As friends and family members remembered Darlene at her funeral service, over and over they shared the different ways that she had shown how much she loved and cared for them. As wife, mother, grandmother, sister, friend and neighbor, Darlene’s vocation was caring for and loving others as she offered comfort, an extra plate for her sons’ friends at the dinner table, a kind word to the neighborhood kids, or the many sweaters and scarves she knitted as gifts.

Darlene’s faith in Christ was a quiet faith. Sunday worship and church community nurtured that faith and sustained her in her vocation of living Christ’s love in her care for others. And her actions are a reminder that anything we do in our daily lives can be transformed into vocation – making Christ known – when they are centered on Christ.

What’s your vocation?

by Demi Prentiss

Discerning how God is calling us to life appears to be a life-long process. Sometimes I’d like to think it’s a “one-and-done” task, to be envisioned as a young adult and then worked at for a life-time. I’m learning that God is much more implacable. Br. Geoffrey Tristram, in a sermon on the website of the Society of St. John the Evangelist, offers a story about how our loving and relentless God persists in calling us to new life:

There is a story I like about the Russian rabbi Zusia.


          One day some students were talking with him and the first said, “Rabbi Zusia, I am afraid that when I appear before the Holy One he will ask me, ’Why did you not have the faith of Abraham?’ A second student said, ‘I am afraid that when I am before the Holy One he will ask me, ‘Why did you not have the patience of Job?’ Then a third student said, ‘Rabbi, I am afraid that when I stand before the Holy One he will ask me, ‘Why did you not have the courage of Moses?’

         Then they all asked Rabbi Zusia, ‘Rabbi, when you appear before the Holy One which question do you most fear?’ Rabbi Zusia answered, ‘When I appear before the Holy One, I’m afraid he’ll ask me, ‘Zusia, why were you not Zusia?’”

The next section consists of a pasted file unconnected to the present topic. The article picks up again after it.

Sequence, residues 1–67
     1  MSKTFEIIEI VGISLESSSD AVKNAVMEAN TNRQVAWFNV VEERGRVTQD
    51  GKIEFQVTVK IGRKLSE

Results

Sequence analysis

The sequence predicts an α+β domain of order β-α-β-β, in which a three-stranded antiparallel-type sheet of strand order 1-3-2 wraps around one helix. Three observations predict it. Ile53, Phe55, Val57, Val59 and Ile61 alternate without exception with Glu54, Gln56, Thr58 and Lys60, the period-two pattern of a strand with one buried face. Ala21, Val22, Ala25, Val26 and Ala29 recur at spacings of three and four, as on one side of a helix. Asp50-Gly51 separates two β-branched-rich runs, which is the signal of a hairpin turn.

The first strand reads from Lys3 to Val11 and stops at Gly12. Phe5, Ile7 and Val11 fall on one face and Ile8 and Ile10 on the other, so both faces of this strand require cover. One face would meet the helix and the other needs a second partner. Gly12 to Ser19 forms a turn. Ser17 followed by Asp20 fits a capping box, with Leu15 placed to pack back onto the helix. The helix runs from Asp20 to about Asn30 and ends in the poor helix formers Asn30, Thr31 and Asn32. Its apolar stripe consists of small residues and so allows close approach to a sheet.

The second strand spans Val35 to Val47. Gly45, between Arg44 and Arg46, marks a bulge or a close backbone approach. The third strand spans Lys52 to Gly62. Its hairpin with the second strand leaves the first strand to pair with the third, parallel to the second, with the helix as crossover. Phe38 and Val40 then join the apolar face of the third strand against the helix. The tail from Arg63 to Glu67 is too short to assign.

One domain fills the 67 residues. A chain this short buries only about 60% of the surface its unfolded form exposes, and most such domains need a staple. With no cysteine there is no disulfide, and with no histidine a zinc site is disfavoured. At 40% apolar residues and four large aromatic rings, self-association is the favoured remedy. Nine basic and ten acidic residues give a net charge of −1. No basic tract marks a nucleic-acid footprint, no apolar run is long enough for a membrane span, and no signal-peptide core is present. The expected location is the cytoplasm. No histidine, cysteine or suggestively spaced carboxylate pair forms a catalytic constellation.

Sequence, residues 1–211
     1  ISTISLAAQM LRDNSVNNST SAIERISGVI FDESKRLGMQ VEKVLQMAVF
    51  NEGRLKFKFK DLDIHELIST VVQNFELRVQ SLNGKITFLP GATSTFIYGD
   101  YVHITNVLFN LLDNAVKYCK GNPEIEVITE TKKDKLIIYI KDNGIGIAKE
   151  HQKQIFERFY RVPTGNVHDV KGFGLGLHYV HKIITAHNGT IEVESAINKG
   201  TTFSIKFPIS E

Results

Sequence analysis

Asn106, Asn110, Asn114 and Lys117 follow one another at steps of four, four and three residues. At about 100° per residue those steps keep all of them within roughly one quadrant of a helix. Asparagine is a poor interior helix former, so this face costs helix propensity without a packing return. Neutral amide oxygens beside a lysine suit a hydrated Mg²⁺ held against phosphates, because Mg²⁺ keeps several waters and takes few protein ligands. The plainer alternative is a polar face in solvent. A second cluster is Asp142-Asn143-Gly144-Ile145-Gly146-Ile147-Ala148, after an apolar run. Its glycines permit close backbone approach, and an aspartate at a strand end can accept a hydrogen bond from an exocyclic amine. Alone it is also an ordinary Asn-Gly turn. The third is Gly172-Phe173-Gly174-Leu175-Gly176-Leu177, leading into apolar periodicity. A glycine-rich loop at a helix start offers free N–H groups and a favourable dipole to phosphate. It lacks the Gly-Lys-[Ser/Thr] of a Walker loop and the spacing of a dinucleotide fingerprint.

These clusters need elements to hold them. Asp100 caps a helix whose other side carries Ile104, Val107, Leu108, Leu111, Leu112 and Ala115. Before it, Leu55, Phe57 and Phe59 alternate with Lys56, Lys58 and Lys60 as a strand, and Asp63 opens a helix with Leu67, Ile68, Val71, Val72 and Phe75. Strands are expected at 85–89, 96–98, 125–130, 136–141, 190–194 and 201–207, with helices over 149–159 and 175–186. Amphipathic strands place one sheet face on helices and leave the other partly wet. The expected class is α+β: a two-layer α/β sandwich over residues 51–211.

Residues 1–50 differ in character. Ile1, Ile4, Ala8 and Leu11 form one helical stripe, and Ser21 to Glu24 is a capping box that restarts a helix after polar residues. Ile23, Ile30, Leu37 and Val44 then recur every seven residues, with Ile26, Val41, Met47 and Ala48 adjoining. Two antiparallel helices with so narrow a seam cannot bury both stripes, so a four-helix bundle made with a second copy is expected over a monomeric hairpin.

So what is your vocation?  Who are you at the deepest level? When Jesus looks at you and loves you, who does he see? What is it which truly makes you come alive?  Have you discovered it yet?  Is God inviting you to take a risk and to go deeper?

Again and again, I’m called to remember the saying, “God isn’t finished with me yet.” Day after day, God reminds us of our baptismal mission, and that we are “marked as Christ’s own forever.” Each day as we wash our faces and remember our baptisms, God renews the challenge for us to be ourselves — to risk being the person that God dreams of us being.

Who owns ministry?

by Fletcher Lowe

Recently I was in a meeting where a young man was sharing his Christian journey.  He outlined his childhood closely connected to a Church community, then college where he felt called to the “ministry,” which he pursued through graduate school in music, became a Minister of Music, moved on to Seminary to further pursue that call to “the ministry,” had a not-too-challenging time as an assistant minister before finding his ministry fit as a chaplain in a home for disabled adults.

The more I heard his story, the more I felt uncomfortable with the way he was using the word “ministry.”  It was as if the only real ministry was within the church community.

I had a similar conversation at a dinner party a week ago when I was introduced to another guest: “She is a Presbyterian minister,” my friend said.  I looked back at him and said, “Well you, too, are a Presbyterian minister – it’s just that she has been ordained, but we are all ministers by virtue of our Baptism.”  They both looked as if I was speaking a foreign language.

Part of the current missional revolution is challenging the Church to reclaim the sense of ministry, of calling, of vocation for all the Baptized, not just those who are ordained.  As Byron Rushing, the vice chair of The Episcopal Church’s House of Deputies remarked, reflecting on his calling in the Massachusetts Legislature, “Jesus is in the Legislature where I am called to serve. If he were not there, I should not be there either.”

Each of us is empowered by our baptism for ministry in our daily lives of home, work, and community.  We need to claim that calling – and not let the ordained alone “own it.”